Texas sheriff wants criminal charges filed in fracking pollution case

InsideClimate NewsJuly 10, 2014 

A Texas waste hauling company that is already facing civil charges for a March accident that spread toxic drilling waste along a rural road could also be facing criminal charges.

Karnes County Sheriff Dwayne Villanueva said he will ask county prosecutors to file a criminal complaint against On Point Services LLC after the Texas Commission on Environmental Quality (TCEQ) and the Texas Railroad Commission close their civil cases against the company.

"We are prepared to ask the district attorney's office to review the case for action," Villanueva said. "There are two different levels of enforcement here: the civil by the state and the criminal by the county."

The incident occurred March 10 when investigators say 1,260 gallons of liquid waste from an On Point truck coated eight miles of roadway near the rural communities of Falls City and Hobson. Roads were closed for three days and the Texas Department of Transportation conducted a costly cleanup.

The incident highlights the growing problem of how to dispose of the billions of gallons of contaminated fluids left over from the nation's hydraulic-fracturing, or fracking, boom. Drilling waste typically includes toxic chemicals, oil, metals shavings and naturally occurring radioactive materials. It's usually hauled to various sites so it can be injected into the ground in disposal wells, recycled, pumped into huge open pits to evaporate or sprayed on top of the earth in sprawling waste fields.

On Point, which is based in Falfurrias, Texas, failed to contain the spill, respond to the spill and inform authorities of the spill, according to the TCEQ notice of violation.

"Due to the apparent seriousness of the alleged violations, formal enforcement action has been initiated, and additional violations may be cited upon further review," according to the violation notice signed by Cameron Lopez, manager of TCEQ's Region 13 San Antonio Waste Section. "We encourage you to immediately begin taking actions to address the outstanding alleged violations."

The TCEQ told On Point to submit a written plan describing procedures to prevent future spills. It also directed the company to do a better job of maintaining its equipment and training its employees.

The Railroad Commission is seeking to sanction On Point for allegedly violating state water protection and leak rules, said Ramona Nye, a commission spokeswoman.

"Transport vehicle was not operated in a manner to prevent spillage or leakage of oil and gas waste during transportation," according to the Railroad Commission's letter to On Point.

On Point now has an opportunity to dispute the charges. The process could take months and, if the agencies' findings stand, could lead to fines for On Point.

A representative for On Point hung up when asked for comment. But in an earlier interview, owner Winfred Stanfield suggested that his company might not have been responsible for the spill, saying five companies had been implicated in the incident.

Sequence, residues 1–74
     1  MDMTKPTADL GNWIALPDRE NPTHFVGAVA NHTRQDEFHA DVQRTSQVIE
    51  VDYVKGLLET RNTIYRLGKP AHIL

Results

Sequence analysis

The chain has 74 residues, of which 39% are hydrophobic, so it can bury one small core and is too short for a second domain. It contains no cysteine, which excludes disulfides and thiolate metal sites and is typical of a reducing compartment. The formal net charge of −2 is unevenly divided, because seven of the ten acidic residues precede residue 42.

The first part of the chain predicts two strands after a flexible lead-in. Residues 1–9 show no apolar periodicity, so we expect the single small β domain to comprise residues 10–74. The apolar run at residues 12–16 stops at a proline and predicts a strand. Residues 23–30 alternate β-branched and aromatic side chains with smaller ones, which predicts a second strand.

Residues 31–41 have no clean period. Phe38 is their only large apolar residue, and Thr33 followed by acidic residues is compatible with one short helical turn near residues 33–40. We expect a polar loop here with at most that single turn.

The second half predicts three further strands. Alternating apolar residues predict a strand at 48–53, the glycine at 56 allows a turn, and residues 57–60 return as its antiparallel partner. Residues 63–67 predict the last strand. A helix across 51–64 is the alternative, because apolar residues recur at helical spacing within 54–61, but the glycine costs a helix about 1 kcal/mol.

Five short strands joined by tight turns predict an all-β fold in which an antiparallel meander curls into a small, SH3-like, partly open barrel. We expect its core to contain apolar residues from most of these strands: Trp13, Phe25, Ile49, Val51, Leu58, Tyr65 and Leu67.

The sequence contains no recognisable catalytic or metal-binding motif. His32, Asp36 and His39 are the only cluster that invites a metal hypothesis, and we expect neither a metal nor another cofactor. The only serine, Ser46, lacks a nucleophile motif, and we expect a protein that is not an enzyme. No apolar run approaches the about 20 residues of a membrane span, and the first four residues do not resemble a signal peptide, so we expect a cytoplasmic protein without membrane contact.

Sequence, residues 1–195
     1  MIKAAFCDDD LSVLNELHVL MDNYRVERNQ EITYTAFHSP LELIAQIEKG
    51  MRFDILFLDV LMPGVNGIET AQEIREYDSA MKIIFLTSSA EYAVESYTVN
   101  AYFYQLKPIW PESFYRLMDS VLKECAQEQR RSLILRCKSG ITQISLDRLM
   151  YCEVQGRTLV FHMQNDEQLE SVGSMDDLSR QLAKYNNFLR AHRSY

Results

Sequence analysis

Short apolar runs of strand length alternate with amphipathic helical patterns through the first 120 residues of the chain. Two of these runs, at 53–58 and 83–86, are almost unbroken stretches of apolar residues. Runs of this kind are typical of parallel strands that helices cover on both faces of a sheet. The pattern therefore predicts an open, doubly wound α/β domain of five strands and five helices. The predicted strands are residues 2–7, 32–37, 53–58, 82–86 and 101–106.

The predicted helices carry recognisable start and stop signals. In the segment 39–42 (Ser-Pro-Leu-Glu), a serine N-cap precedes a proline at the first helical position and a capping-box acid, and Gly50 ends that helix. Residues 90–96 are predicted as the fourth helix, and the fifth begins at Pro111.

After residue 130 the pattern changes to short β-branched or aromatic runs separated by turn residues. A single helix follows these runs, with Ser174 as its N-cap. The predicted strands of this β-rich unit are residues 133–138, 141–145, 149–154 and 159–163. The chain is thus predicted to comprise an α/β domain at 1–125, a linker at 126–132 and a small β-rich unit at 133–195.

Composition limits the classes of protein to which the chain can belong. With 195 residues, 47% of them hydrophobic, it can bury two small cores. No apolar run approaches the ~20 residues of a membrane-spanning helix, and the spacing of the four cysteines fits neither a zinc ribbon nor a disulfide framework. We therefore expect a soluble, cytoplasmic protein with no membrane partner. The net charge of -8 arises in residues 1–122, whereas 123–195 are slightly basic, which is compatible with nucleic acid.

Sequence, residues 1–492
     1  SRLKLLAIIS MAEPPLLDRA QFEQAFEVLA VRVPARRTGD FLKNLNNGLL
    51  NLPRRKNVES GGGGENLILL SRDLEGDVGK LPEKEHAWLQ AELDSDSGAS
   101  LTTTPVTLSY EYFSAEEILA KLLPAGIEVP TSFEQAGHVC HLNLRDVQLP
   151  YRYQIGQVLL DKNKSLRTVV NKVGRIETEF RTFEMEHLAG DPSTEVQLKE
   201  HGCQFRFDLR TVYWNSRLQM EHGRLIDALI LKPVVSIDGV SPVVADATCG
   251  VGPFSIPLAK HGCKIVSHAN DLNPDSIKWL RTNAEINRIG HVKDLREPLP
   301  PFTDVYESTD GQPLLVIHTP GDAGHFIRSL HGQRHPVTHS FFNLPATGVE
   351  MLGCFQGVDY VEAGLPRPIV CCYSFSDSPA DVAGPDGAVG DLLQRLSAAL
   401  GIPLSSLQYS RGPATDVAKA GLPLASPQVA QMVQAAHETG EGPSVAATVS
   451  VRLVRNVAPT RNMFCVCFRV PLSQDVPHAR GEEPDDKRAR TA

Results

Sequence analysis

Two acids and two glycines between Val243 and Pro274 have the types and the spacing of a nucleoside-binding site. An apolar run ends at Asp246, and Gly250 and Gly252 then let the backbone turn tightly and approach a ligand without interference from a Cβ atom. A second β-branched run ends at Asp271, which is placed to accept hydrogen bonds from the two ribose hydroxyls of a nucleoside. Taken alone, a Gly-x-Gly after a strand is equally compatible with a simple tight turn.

When Karnes County sheriff's investigators confronted Stanfield with the evidence, Stanfield blamed the driver, according to the sheriff's investigative report. Stanfield said the driver was "not fully competent."

If not for surveillance video given to the Sherriff's Department by a citizen, the 18-wheel tanker truck responsible for the dumping may have disappeared into the night. Using the video, the department narrowed the possible suspects to two companies. After one of the companies provided GPS data showing that its truck didn't travel the spill route, the investigation turned to On Point.

Sheriff's investigators learned that an On Point tanker left a drilling site loaded with drilling fluid, according to the department's report, which the TCEQ and the Railroad Commission credit as the basis for their recent actions. Records show the tank was empty when it arrived at a facility where tankers are cleaned out, according to the report.

The driver told sheriff's investigators that the valve of the back of his tanker sometimes leaked. He said he couldn't remember whether he had checked the valve on the night the incident occurred.

(InsideClimate News is a nonprofit, nonpartisan news organization that covers clean energy, carbon energy, nuclear energy and environmental science. More information is available at http://insideclimatenews.org/.)

McClatchy Washington Bureau is pleased to provide this opportunity to share information, experiences and observations about what's in the news. Some of the comments may be reprinted elsewhere in the site or in the newspaper. We encourage lively, open debate on the issues of the day, and ask that you refrain from profanity, hate speech, personal comments and remarks that are off point. Thank you for taking the time to offer your thoughts.

Commenting FAQs | Terms of Service